Today, persecution of true believers in much of the world is far more prevalent than in Wesley's time, with more martyrs for Christ in the twentieth century than in the previous nineteen. Is that cause for discouragement? No. In fact, Christ said, "Blessed are ye, when men shall revile you, and persecute you, and shall say all manner of evil against you falsely, for my sake. Rejoice, and be exceeding glad: for great is your reward in heaven: for so persecuted they the prophets which were before you....Rejoice ye in that day, and leap for joy: for, behold, your reward is great in heaven..." (Mat:5:11-12; Lk 6:23).

Our hope and our inheritance is not in this world, for we are "partakers of the heavenly calling" (Heb:3:1). As Christ told the first disciples, "If ye were of the world, the world would love his own: but because ye are not of the world, but I have chosen you out of the world, therefore the world hateth you....The servant is not greater than his Lord. If they have persecuted me, they will also persecute you..." (Jn:15:19, 20). In our travels in Eastern Europe in Iron Curtain days we were asked by Christians why they were being persecuted when Christianity seemed to be so popular in America. A good question!

The best antidote to the mistaken beliefs that keep so many of today's Christians oriented toward an imagined conquest of this world is found in Paul's prayer for the Ephesian believers: "That the God of our Lord Jesus Christ, the Father of glory, may give unto you the spirit of wisdom and revelation in the knowledge of him: the eyes of your understanding being enlightened; that ye may know what is the hope of his calling, and what the riches of the glory of his inheritance in the saints, and what is the exceeding greatness of his power to usward who believe, according to the working of his mighty power, which he wrought in Christ, when he raised him from the dead..." (Eph:1:17-20).

And what is "the hope of his calling" to which Paul referred? Peter tells us very clearly: "But the God of all grace, who hath called us unto his eternal glory by Christ Jesus, after that ye have suffered a while, make you perfect, stablish, strengthen, settle you" (1 Pt 5:10). Our calling which we have in and through Christ Jesus is unto God's eternal glory! Nothing could compare with that! What could it mean and how is it possible?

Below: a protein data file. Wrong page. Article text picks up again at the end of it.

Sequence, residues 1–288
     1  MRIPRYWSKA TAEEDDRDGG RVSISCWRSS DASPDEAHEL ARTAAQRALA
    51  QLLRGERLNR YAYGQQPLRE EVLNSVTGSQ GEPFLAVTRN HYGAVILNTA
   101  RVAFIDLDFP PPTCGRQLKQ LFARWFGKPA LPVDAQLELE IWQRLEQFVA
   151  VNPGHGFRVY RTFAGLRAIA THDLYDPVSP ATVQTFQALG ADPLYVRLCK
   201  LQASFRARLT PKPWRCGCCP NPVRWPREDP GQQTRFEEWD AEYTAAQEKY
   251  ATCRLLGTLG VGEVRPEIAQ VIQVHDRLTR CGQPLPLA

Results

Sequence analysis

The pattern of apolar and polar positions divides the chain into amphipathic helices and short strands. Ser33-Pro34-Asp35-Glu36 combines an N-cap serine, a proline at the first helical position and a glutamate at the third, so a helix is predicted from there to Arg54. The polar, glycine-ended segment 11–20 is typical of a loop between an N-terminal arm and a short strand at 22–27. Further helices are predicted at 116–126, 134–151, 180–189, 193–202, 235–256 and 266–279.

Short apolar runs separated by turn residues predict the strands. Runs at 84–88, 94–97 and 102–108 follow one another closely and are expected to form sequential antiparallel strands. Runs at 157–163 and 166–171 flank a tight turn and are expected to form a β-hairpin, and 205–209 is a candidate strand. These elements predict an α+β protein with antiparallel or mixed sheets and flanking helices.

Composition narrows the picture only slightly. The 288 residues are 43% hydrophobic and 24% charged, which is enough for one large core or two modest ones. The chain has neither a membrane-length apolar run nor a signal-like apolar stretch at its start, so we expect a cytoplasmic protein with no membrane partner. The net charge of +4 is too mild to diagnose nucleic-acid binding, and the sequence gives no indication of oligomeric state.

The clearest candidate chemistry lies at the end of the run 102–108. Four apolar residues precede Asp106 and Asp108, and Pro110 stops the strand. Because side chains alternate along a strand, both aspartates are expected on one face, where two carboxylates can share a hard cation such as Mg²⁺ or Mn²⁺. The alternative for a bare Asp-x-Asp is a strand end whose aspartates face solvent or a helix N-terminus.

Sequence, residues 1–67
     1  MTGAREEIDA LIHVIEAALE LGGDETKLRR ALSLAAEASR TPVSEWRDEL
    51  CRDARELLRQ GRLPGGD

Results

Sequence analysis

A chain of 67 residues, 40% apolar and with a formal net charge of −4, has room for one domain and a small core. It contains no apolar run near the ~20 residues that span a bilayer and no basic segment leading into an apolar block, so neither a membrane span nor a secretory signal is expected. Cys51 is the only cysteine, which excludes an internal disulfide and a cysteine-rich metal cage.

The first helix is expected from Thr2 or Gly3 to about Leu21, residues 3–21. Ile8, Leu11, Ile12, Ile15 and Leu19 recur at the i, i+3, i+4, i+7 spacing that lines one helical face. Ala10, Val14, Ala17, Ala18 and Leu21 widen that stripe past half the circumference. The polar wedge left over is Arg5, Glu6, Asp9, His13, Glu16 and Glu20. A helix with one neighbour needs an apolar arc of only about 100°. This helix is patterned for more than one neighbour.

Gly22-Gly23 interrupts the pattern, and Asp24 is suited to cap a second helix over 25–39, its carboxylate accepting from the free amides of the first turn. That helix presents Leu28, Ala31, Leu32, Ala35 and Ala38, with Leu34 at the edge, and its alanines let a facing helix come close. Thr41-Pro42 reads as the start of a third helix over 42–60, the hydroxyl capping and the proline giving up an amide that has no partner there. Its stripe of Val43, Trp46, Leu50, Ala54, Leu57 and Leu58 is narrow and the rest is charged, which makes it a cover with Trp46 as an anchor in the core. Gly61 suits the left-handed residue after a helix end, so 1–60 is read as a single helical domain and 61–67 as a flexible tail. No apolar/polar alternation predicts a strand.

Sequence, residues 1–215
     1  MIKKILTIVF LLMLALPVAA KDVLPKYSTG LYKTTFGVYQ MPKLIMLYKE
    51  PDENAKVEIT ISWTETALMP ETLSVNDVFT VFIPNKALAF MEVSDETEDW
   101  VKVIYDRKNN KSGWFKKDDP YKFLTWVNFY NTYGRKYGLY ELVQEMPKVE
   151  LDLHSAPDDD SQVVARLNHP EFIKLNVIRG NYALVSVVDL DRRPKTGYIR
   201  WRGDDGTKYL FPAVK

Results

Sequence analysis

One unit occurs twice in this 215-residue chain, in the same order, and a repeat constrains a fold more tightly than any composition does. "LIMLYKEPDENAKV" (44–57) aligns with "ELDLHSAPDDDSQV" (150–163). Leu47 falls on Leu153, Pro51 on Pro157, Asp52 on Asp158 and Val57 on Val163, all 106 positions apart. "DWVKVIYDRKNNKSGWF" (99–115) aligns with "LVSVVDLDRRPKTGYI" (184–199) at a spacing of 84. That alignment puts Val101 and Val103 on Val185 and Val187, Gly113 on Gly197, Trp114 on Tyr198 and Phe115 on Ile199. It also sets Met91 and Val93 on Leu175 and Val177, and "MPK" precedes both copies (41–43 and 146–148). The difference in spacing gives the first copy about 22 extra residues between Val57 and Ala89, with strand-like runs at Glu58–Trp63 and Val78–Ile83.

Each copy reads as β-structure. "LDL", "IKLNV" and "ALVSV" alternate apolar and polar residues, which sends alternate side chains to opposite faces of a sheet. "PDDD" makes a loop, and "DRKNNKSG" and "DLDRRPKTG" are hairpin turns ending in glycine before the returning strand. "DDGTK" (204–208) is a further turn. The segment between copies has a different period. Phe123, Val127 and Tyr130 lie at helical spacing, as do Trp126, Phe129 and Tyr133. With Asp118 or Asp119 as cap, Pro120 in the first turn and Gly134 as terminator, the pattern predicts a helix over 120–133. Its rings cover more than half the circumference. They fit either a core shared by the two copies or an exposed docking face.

God created man "in his own image, in the image of God created he him..." (Gen:1:27). It was, of course, in His spiritual image, not in a physical image, for "God is a Spirit" (Jn:4:24). The wonder, happiness and perfection of the relationship Adam and Eve enjoyed reflected a heavenly love, patience, compassion, goodness, generosity, grace, mercy, peace, gentleness, selflessness, meekness—the very character of their Creator lived out in His creatures. Nothing to compare with the pure love and rapturous companionship these two daily experienced has thereafter been seen on earth!

Then sin entered that garden, bringing death (Rom:5:12). That beautiful relationship between Adam and Eve, and between them and their Creator, was destroyed. Adam blamed Eve, Cain murdered Abel, and humanity has gone downhill ever since. The glorious image of God in which man had been created was marred. Thus sin is defined as coming "short of the glory of God" (Rom:3:23). The glory of God's character once expressed so beautifully through the first man and woman became a receding memory that must have haunted them with a remorse which we cannot even begin to understand.

Christ is called, in the precise language of Scripture, "the second man." There was no one after Adam's fall who deserved to be called a "man" until "the man Christ Jesus" (1 Tim:2:5) came into this world in a body prepared for Him (Heb:10:5) in the womb of the virgin Mary. When Pilate led Christ forth and pronounced to the mob, "Behold the man!" (Jn:19:5) he did not realize what he was saying. Here was God's perfect man! The "second man is the Lord from heaven" (1 Cor:15:47)! And He brings from glory to a fallen race the hope of glory, for through His death for our sins the image of God can be restored.

Again in the rigorous parlance of God's Word, Jesus is called "the last Adam" (1 Cor:15:45). Yes, He is the second Adam, but He is also the last. There will never be a third or fourth, etc. He is not only the progenitor of a new race of born-again believers. Christ is God's final solution. Sin will never mar God's new creation.